San Luis Obispo County will get 2,800 doses of H1N1 flu vaccine next week.
The limited amount of the vaccine means it will mostly be distributed to physicians’ offices taking care of children, according to the county Health Department. It's expected that the demand will greatly exceed the initial supply.
The vaccines will all be FluMist, which is a nasal spray containing live-attenuated influenza virus.
Available doses will be first given to preschool children ages 2 to 4, who are considered the very highest risk who can take the nasal spray rather than the injectable, killed form of the vaccine.
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People are asked to not overwhelm pediatricians’ offices or the San Luis Obispo Public Health Department with calls to request a dose.
"Within the next several weeks the supply will expand so that it should be available to any member of a target priority group," said Penny Borenstein, the county's public health officer.
The targeted groups who are at greater risk for becoming infected with the H1N1 flu include pregnant women, people who live with or care for children younger than 6 months of age, health care and emergency medical services personnel, persons between the ages of 6 months through 24 years of age, and people from ages 25 through 64 years with chronic health disorders or compromised immune systems.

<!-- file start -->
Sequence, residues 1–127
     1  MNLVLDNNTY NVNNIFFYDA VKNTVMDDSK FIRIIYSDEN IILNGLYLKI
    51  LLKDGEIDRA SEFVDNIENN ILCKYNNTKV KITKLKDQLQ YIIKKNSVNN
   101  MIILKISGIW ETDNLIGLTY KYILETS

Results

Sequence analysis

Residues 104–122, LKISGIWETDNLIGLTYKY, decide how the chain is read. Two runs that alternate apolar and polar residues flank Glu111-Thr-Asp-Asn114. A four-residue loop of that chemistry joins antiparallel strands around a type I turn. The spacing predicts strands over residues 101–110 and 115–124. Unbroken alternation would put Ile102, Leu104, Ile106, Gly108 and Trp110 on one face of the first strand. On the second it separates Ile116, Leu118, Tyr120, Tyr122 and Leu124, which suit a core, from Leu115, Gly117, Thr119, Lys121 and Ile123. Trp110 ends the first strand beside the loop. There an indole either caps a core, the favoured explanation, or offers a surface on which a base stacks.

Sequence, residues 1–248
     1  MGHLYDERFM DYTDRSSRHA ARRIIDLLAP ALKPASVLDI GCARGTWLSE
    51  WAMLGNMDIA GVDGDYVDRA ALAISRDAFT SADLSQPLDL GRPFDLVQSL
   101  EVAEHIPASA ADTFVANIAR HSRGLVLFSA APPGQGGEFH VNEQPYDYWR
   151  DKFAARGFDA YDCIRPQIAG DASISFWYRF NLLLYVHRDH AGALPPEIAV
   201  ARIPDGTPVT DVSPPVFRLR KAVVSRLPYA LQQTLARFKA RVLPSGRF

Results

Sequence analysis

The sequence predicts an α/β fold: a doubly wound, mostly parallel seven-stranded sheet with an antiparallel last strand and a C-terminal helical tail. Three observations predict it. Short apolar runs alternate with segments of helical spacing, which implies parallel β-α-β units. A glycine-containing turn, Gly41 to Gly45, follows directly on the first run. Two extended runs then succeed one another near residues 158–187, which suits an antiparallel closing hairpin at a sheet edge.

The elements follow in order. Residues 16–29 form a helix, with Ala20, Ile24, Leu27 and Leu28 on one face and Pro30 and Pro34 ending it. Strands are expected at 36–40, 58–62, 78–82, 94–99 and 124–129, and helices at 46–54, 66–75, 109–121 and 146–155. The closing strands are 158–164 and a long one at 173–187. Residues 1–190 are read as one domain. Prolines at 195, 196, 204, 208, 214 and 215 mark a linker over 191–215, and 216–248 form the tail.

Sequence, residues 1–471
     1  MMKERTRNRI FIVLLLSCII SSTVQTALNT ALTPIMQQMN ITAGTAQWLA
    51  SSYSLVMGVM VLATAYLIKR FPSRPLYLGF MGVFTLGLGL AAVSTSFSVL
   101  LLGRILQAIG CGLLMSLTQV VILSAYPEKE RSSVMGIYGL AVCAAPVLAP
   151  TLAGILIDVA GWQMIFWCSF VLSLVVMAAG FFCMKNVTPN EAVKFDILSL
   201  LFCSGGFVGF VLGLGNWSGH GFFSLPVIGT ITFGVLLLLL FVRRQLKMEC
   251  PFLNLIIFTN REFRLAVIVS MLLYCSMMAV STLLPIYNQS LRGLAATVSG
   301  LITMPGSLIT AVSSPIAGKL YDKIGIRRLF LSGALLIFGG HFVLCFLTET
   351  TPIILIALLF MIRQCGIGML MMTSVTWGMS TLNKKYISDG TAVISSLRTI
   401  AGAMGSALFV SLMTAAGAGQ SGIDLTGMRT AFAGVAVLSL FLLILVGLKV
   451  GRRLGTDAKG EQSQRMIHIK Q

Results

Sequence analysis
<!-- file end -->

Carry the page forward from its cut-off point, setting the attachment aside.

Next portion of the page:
Health Department employees are working with public and private schools and local colleges, in addition to health care providers and hospitals, to plan for large-scale distribution of vaccine later in the year once supply is sufficient.
The county has continued to see cases of the virus, according to the health department. Several cases have resulted in hospitalization, but the majority have not.
Symptoms of H1N1 include fever, malaise, body aches, cough, sore throat, and, in some cases, runny or stuffed nose as well as nausea and/or diarrhea.
According to Borenstein, “we anticipate that there will be many more cases, more hospitalizations and possibly more deaths associated with this virus in the coming weeks and months.”
To help prevent the flu, health officials urge people to cough and sneeze into a tissue or elbows;wash hands often with soap and water or use hand sanitizer; avoid touching eyes, nose and mouth; and avoid close contact with sick people and attendance at large gatherings.
Those who meet the following criteria should call their doctor, but should not go to hospital emergency rooms: Have a fever higher than 100 degrees with a cough and/or sore throat; have had contact with someone known to have H1N1; or work in a school, prison or other high-risk setting.